Photorefractive keratectomy (PRK) is surgery to improve your vision. You can have PRK surgery in one or both eyes. The doctor used special instruments to keep your eye open. The cells on the surface of your eye were removed or pulled to one side. Then the doctor used a special laser to remove tissue and reshape the outside layer of your eyeball (cornea). Afterward, the doctor placed a contact lens on your eye as a bandage.
Your eye will hurt, burn, or itch for 3 or 4 days after surgery. Your vision may be blurry, your eyes may water, your nose may run, or you may feel like there is something in your eye. But it is important not to rub your eye. Rubbing your eye could damage it.
Do not remove the contact lens in your eye. The doctor will remove this lens 2 to 4 days after surgery.
At first, your vision may be better. But it may get slightly worse. Sometimes it takes a few weeks to be able to see clearly. But you will probably be able to return to work or your normal routine in about 5 days.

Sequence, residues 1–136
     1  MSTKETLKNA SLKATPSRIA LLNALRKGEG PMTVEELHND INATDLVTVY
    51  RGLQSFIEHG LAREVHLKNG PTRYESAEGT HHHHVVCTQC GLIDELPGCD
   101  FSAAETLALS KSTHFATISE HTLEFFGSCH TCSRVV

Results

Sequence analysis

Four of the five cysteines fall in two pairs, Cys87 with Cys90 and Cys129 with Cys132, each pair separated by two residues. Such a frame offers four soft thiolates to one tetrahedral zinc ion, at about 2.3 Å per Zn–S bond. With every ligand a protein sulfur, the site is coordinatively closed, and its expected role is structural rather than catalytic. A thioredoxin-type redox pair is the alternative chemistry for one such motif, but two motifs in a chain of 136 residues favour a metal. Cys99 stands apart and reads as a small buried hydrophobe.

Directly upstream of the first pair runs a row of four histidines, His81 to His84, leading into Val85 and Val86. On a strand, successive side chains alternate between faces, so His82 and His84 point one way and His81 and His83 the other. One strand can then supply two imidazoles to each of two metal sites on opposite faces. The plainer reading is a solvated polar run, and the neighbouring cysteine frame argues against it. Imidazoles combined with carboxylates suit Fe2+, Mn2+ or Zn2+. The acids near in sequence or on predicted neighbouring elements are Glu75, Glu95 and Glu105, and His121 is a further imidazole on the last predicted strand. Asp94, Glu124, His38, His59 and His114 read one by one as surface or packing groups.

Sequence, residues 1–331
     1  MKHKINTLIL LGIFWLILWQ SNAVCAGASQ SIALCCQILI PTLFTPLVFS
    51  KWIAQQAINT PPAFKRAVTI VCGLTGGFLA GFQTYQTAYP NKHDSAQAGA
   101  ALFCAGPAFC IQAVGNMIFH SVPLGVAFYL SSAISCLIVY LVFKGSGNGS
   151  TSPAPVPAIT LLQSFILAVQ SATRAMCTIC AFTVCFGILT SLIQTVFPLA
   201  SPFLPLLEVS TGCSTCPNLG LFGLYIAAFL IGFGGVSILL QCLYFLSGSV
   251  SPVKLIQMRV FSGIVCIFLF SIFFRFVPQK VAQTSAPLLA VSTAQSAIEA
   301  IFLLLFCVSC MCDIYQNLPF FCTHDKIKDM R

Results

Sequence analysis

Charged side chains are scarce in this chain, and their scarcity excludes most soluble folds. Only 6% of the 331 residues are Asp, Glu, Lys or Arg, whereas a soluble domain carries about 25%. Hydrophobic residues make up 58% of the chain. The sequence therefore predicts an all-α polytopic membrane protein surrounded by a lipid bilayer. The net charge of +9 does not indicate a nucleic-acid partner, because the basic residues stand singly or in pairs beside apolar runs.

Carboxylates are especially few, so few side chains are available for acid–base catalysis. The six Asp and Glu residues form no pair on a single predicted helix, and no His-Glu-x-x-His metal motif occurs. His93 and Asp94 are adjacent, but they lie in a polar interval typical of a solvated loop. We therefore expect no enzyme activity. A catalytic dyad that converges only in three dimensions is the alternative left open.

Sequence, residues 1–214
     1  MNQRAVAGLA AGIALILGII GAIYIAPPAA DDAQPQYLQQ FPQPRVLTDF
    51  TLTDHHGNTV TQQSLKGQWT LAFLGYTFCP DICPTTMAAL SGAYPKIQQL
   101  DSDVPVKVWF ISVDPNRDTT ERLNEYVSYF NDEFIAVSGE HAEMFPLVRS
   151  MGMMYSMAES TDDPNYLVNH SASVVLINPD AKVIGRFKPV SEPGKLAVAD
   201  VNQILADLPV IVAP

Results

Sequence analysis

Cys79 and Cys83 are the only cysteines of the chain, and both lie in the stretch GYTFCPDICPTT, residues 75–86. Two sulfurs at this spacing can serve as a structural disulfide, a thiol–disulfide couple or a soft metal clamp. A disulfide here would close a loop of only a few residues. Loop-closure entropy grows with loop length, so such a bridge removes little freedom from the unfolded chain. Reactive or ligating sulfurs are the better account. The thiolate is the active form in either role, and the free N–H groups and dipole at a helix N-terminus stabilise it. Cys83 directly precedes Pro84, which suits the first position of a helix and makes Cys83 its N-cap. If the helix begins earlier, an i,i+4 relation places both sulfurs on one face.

It is common to be sensitive to light or to see starbursts or halos for 1 to 3 weeks. Most people will see well in a few weeks, but for some people, it takes 3 to 6 months to get the full benefits of surgery and to see as clearly as possible.
Your doctor will recommend or prescribe pain medicines. He or she will also give you eyedrops to prevent infection and to help with dryness. Your eye may feel dry for 1 to 3 months after surgery.
This care sheet gives you a general idea about how long it will take for you to recover. But each person recovers at a different pace. Follow the steps below to get better as quickly as possible.
Follow-up care is a key part of your treatment and safety. Be sure to make and go to all appointments, and call your doctor or nurse call line if you are having problems. It's also a good idea to know your test results and keep a list of the medicines you take.
Call 911 anytime you think you may need emergency care. For example, call if:
Call your doctor or nurse call line now or seek immediate medical care if:
Watch closely for changes in your health, and be sure to contact your doctor or nurse call line if:
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Current as of: March 3, 2017
Adam Husney, MD - Family Medicine
& A. Evan Eyler, MD, MPH - Family Medicine, Psychiatry
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